1 and 2 Samuel are named after the person God used to establish monarchy in Israel. Samuel not only anointed both Saul and David, Israel’s first two kings, but he also gave definition to the new order of God’s rule over Israel. Samuel’s role as God’s representative in this period of Israel’s history is close to that of Moses (see Ps 99:6; Jer 15:1) since he, more than any other person, provided for covenant continuity in the transition from the rule of the judges to that of the monarchy.1Source
The central theme of the books of Samuel is how the LORD established a dynasty (“house”) in Israel for David rather than Saul and how he chose Jerusalem as the place where David’s successor would establish the temple (“house”) for the worship of the divine King Yahweh.2Source
1 Samuel in one sentence:
Best 1 Samuel Commentaries
1 and 2 Samuel (Tyndale Old Testament Commentaries)
Written by the late Joyce G. Baldwin – a principal of Trinity College, Bristol, who wrote several volumes in the Tyndale Old Testament Commentary series – this commentary was the recipient of a 1990 Christianity Today Critics’ Choice Award.
Digging below the well-known surface of the stories in Samuel, Baldwin explores the authorship, date, composition and structure of Samuel. Written in a clear and concise style, she provides an able discussion of Samuel’s theological themes.
The introduction to each Tyndale volume gives a concise but thorough description of the authorship, date and historical background of the biblical book under consideration. Tyndale commentary itself examines the text section by section, drawing out its main themes. Additionally, it comments on individual verses and deals with problems of interpretation. The original, unrevised text of Samuel has been completely retypeset and printed in a larger, more attractive format with the beautiful new cover design for the series.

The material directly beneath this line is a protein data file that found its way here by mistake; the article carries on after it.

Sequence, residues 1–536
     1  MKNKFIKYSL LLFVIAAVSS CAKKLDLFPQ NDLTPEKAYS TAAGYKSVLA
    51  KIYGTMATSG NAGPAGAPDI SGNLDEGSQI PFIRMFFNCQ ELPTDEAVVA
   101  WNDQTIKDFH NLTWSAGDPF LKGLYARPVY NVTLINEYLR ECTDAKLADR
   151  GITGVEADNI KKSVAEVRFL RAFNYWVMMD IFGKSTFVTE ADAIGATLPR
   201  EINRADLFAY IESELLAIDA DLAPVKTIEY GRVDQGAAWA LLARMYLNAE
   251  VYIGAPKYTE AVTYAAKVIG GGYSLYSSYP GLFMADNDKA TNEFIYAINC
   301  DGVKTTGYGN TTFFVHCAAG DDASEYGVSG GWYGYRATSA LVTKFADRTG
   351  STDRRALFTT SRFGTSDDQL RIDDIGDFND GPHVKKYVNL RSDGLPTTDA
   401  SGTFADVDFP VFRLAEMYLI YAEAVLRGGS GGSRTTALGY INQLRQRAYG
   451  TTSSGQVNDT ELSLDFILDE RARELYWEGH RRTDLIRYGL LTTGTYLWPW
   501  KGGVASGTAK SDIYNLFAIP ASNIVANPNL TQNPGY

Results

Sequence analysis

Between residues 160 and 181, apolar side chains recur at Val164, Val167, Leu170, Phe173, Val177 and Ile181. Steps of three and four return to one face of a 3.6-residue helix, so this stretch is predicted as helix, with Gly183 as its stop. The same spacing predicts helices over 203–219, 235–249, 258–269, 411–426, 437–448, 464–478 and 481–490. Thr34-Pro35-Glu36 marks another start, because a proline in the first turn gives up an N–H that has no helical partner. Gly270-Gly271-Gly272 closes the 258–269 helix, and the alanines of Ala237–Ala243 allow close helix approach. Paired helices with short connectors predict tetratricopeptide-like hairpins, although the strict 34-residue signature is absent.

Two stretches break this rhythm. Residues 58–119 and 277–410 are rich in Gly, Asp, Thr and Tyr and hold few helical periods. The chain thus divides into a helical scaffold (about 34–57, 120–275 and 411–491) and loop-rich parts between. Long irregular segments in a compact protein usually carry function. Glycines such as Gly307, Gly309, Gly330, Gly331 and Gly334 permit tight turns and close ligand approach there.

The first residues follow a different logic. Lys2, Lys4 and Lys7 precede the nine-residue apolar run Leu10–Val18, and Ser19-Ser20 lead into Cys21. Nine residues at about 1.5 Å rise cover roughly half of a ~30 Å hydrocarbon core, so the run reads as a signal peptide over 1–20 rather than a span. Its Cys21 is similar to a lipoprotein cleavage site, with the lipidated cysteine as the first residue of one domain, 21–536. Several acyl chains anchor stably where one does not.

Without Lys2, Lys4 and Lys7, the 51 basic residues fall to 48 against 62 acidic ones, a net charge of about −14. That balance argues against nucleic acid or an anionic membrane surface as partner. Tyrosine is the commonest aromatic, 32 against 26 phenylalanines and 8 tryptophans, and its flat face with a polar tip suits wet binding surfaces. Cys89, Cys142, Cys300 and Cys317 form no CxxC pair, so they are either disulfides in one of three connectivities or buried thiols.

1, 2 Samuel: An Exegetical and Theological Exposition of Holy Scripture
Robert D. Bergen is the primary author of 1,2 Samuel: An Exegetical and Theological Exposition of Holy Scripture (The New American Commentary). Highly regarded as a go-to for the minister or Bible student who wants to understand and expound their understanding of the Scriptures, this series is readable and scholarly simultaneously.
Key features include: commentary based on the new international version, sound scholarly methodology that reflects research in the original languages, NIV text printed in the body of the commentary, interpretation emphasizing the theological unity of each book, and readable and applicable exposition.
1 Samuel: Looking for a Leader (Preaching the Word)
Australian author John Woodhouse has a passion for teaching the Bible in a way that helps people understand the various parts of Scripture in light of the center of God’s revelation, Jesus.
He puts this passion into text beautifully in 1 Samuel: Looking for a Leader (Preaching the Word). As Woodhouse demonstrates, 1 Samuel’s biblical context provides serious reflection on our need for leadership and the failure of human leaders (but it also reveals God’s answer for Israel).
Woodhouse’s thoughtful and perceptive commentary reads like a gift – illuminating Old Testament history and God’s promises to us.
Forms of Old Testament Literature: 1 Samuel
Jesuit priest Antony F. Campbell – a Professor Emeritus of Old Testament at Jesuit Theological College in Parkville, Australia – pens Samuel (Volume VII) of The Forms of the Old Testament Literature (FOTL).